This article originally appeared on VICE World News India
China and India have been locked in a territorial dispute over the Galwan River valley since the 1960s. If you look at maps printed in China you'll see much of the valley runs within Chinese territory, while the reverse is true in India.
On June 17 this tension came to blows when a Chinese military deployment refused to leave the disputed valley, despite a previous de-escalation agreement. An ensuring squirmish resulted in the deaths of some 20 Indian military personal.
Reports now indicate China is moving hundreds of troops into the area, which for many Indians adds insult to injury, leading to widespread calls for a national boycott of all Chinese-made products.
On June 17, immediately after the border violence, a video surfaced showing three Indian men throwing an apparently Chinese-made television off a balcony.
Members of the Resident Welfare Association (RWA) in Delhi’s affluent Defence Colony locality, flouted social distancing norms to burn effigies of the Chinese leader Xi Jinping, as they declared “war against China.”
The hashtag #BoycottChina has been trending on Twitter, along with the #WinnieThePooh, which refers to China's ban on the cartoon after it was suggested that Xi Jinping resembles the bear. Ramdas Athawale, an Indian minister also suggested that Chinese restaurants should be banned across the country, apparently overlooking the fact that Chinese restaurants are often Indian-owned.
Indeed, most protesters have apparently overlooked the fact that most consumer products in India are made in China.
India imports about seven times more from China than they export, with an estimated US $70.3 billion spent on imports in 2018-19. During the same period China spent about $16.7 billion on Indian products.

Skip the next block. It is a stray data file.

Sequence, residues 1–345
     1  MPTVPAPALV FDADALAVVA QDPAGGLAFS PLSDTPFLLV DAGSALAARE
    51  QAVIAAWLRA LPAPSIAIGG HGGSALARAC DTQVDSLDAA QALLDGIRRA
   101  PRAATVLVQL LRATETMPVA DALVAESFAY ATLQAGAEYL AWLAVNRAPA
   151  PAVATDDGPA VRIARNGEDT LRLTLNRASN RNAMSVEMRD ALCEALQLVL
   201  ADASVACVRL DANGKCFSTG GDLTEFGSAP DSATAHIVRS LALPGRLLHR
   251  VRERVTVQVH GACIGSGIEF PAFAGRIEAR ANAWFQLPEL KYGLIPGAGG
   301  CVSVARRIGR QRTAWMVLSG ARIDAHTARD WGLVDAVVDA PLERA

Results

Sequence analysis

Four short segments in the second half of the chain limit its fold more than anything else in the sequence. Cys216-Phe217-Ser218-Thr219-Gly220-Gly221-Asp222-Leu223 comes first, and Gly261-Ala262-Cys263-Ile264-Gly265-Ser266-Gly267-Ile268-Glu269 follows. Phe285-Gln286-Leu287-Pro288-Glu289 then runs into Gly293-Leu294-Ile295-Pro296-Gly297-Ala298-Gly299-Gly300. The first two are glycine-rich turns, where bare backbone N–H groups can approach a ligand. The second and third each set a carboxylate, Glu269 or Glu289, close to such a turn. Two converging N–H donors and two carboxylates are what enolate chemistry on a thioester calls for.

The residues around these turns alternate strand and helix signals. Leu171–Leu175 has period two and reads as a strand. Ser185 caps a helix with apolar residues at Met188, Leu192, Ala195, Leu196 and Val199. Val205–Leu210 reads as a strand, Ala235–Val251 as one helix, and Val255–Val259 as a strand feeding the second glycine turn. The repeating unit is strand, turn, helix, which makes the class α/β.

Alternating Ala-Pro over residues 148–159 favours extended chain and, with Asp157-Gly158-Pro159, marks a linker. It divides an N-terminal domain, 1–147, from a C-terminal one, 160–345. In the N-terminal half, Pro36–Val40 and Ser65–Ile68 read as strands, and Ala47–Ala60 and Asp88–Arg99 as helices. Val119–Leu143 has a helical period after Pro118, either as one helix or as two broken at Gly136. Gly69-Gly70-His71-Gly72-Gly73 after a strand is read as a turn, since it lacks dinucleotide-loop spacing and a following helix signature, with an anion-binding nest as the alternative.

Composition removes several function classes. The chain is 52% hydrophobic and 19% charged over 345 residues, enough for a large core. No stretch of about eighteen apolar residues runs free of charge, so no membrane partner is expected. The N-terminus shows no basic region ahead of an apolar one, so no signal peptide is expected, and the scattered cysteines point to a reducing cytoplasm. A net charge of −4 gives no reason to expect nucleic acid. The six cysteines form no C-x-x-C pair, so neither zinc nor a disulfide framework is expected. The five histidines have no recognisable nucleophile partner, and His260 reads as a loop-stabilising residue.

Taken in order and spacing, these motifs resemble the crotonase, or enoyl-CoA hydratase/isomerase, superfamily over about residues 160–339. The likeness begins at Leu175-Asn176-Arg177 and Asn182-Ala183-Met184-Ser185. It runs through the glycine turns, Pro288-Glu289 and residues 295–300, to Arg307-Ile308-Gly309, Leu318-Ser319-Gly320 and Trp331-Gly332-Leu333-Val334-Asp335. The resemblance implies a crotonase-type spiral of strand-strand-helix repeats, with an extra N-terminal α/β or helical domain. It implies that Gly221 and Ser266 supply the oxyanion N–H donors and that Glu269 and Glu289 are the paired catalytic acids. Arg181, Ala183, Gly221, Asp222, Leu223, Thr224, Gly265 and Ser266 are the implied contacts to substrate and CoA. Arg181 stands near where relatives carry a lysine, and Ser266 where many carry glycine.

Between 2017 to 2018, almost 60 percent of India's electronic consumer goods were manufactured in China. Four Chinese brands, namely Xiaomi, Vivo, Realme and Oppo, make up the top five best selling mobile phones in India.
Yet, while one news channel in India pushed for a ban on Chinese-made products, an on-screen banner highlighted that the debate was sponsored by Vivo, a Chinese phone company.
“A boycott is an emotional cause that only works if we have alternatives in place, and the fact of the matter is that India has a deficit because it doesn’t produce the kind of goods it needs,” Jabin T Jacob, an international relations and governance studies professor at India’s Shiv Nadar University told VICE News.
The Global Times, a daily tabloid newspaper controlled by China’s Communist Party, responded to the Indian call for a boycott.: “While assessing the new tensions at the border, India should understand that China's restraint is not weak. The two nations should cherish their precious development opportunities and maintain good bilateral ties.” The article also hinted that it would be “extremely dangerous” if India allowed its various anti-China groups to sway public opinion.
Chinese companies have invested big in hundreds of Indian startups. China’s Alibaba owns a majority stake of India’s largest digital payment app PayTM. It has also invested in e-commerce companies including Snapdeal and food delivery app Zomato.